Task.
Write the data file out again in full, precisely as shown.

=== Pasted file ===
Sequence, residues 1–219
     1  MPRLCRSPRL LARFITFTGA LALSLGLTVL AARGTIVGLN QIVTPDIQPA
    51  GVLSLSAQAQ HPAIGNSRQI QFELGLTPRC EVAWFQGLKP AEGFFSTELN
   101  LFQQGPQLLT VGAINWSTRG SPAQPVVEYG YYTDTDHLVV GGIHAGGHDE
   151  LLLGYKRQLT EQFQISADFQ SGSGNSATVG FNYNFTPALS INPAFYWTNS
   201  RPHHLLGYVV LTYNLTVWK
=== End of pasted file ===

Sequence, residues 1–219
     1  MPRLCRSPRL LARFITFTGA LALSLGLTVL AARGTIVGLN QIVTPDIQPA
    51  GVLSLSAQAQ HPAIGNSRQI QFELGLTPRC EVAWFQGLKP AEGFFSTELN
   101  LFQQGPQLLT VGAINWSTRG SPAQPVVEYG YYTDTDHLVV GGIHAGGHDE
   151  LLLGYKRQLT EQFQISADFQ SGSGNSATVG FNYNFTPALS INPAFYWTNS
   201  RPHHLLGYVV LTYNLTVWK